On the evidence of "Slag Heap," there may be worse infringements than youth prostitution, many of them being committed by the playwright. It would be gratifying to report that this world premiere is a worthy discovery to kick off the ninth decade of the Cherry Lane, Off Broadway's oldest operating theater.
On the evidence of “Slag Heap,” there may be worse infringements than youth prostitution, many of them being committed by the playwright. It would be gratifying to report that this world premiere is a worthy discovery to kick off the ninth decade of the Cherry Lane, Off Broadway’s oldest operating theater. However, Anton Dudley’s lead-footed play about twentysomethings for rent in Thatcherian England is as obvious and inauthentic in its salty humor and self-conscious edginess as in the strained raw poetry of its tragic denouement. Sole saving grace is an arresting, scruffy perf from “Angel” regular Vincent Kartheiser.
Bringing far more credibility than the material deserves, Kartheiser plays Dave, a scrawny hustler turning low-paying tricks on the streets of Manchester with gal pal Ashley (Polly Lee). Dave gets a taste of bigger bucks when he teams with former school sweetheart Fran (Brienan Nequa Bryant) to provide double fun for a fat man in a limo. Fran encourages him to dump deadwood skank Ashley and move up the ‘ho chain.
Meanwhile, Fran’s abrasive slattern of a sister, Donna (Janelle Anne Robinson), has been toying with Pakistani delivery boy Darwin (Alexander Flores), introducing the underage kid to some druggy sexual experimentation that ends badly.
Weighted with the sudden sobriety of this development, the second act shifts to London, where Dave shacks up in the basement of a rave club with now-troubled Fran. As if the fake Mancunian accents weren’t enough, in walks another dialectal affront in the form of upscale sleaze cliche Natalie (Maggie Moore), a cheesily French-accented photographer on the A-list club circuit, who lures starry-eyed Vincent into participating in self-mutilating erotica spreads.
Dudley extracts the pathos from the scenario with the subtlety of a sadistic dentist wielding a pair of pliers. His wounded, homeless slags are constantly waxing faux-lyrical about clean sheets, freshly laundered clothes, towels that smell of bleach and a warm, dry flat, hammering the political subtext about the disenfranchised children of Thatcher’s Britain: “You ever wonder what would have happened if there hadn’t been all that trouble when we were younger?” asks Fran. “If there hadn’t been the teacher’s strike or the poll tax, all the unemployment.”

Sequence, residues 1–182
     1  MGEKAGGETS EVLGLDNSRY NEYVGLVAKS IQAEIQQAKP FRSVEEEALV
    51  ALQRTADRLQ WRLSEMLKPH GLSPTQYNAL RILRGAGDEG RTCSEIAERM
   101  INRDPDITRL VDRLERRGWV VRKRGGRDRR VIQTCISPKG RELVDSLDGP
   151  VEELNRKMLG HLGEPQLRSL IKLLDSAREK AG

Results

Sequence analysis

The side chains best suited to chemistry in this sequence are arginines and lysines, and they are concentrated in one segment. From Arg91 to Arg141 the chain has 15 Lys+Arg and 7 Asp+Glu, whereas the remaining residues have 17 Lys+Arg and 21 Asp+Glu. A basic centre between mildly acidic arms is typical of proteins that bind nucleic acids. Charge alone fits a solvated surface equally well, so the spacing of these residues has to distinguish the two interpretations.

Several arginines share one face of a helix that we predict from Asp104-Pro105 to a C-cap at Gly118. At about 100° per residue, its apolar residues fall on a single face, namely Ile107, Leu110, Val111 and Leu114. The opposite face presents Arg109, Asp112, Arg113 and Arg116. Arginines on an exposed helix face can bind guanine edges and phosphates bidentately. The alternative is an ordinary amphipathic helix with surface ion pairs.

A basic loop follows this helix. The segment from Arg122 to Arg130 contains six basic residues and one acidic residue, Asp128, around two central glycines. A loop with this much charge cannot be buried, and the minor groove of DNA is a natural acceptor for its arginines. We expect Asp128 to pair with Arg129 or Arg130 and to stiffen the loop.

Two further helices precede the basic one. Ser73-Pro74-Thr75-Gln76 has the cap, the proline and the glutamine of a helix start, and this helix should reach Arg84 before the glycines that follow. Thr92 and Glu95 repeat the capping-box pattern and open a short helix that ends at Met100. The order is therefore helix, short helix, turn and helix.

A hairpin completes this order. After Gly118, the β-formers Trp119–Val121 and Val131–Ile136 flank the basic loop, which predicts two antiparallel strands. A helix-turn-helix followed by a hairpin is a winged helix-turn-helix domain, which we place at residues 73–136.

There’s little here to suggest the playwright has spent much research time with real prostitutes, and his attempts at pungent street-trash humor play like bad British TV sketch comedy that mistakenly believes it’s hip and transgressive: “You take it up the shitter, yeah?” “You have to these days.”
Working on Michael Brown’s minimally designed set, director Michael Morris navigates the ponderous text with a steady hand, punctuating scenes with snatches of ’80s Brit pop and techno tunes. But he’s at a loss attempting to draw much nuance from his cast, who seem infected by Dudley’s tendency to try way too hard.
Kartheiser is the exception, managing to retain dignity (and a fairly consistent accent) even through a doozy of a druggy monologue. But even in Dave’s case, hustling since he was 13, there’s too little verisimilitude in these sad dreamer characters or their dire situations to invite much profound sympathy.
Bryant and Lee have the toughest task, animating two ungrounded characters who undergo drastic transitions, neither of them with much success. Fran’s sassy emotional detachment lurches awkwardly into the kind of morose introspection common to whiny alt-rock. (“Freedom’s not really free at all, I guess”; “Just once I want to be loved the way I need to be loved and not go through life like a knife through water.”) Ashley segues directly from nutty youthfulness (conveyed by Lee bouncing about like a wannabe Jane Horrocks) to off-kilter shrillness in a violent final act that — to borrow a word bandied about by the playwright — is assaultive but blandly unaffecting.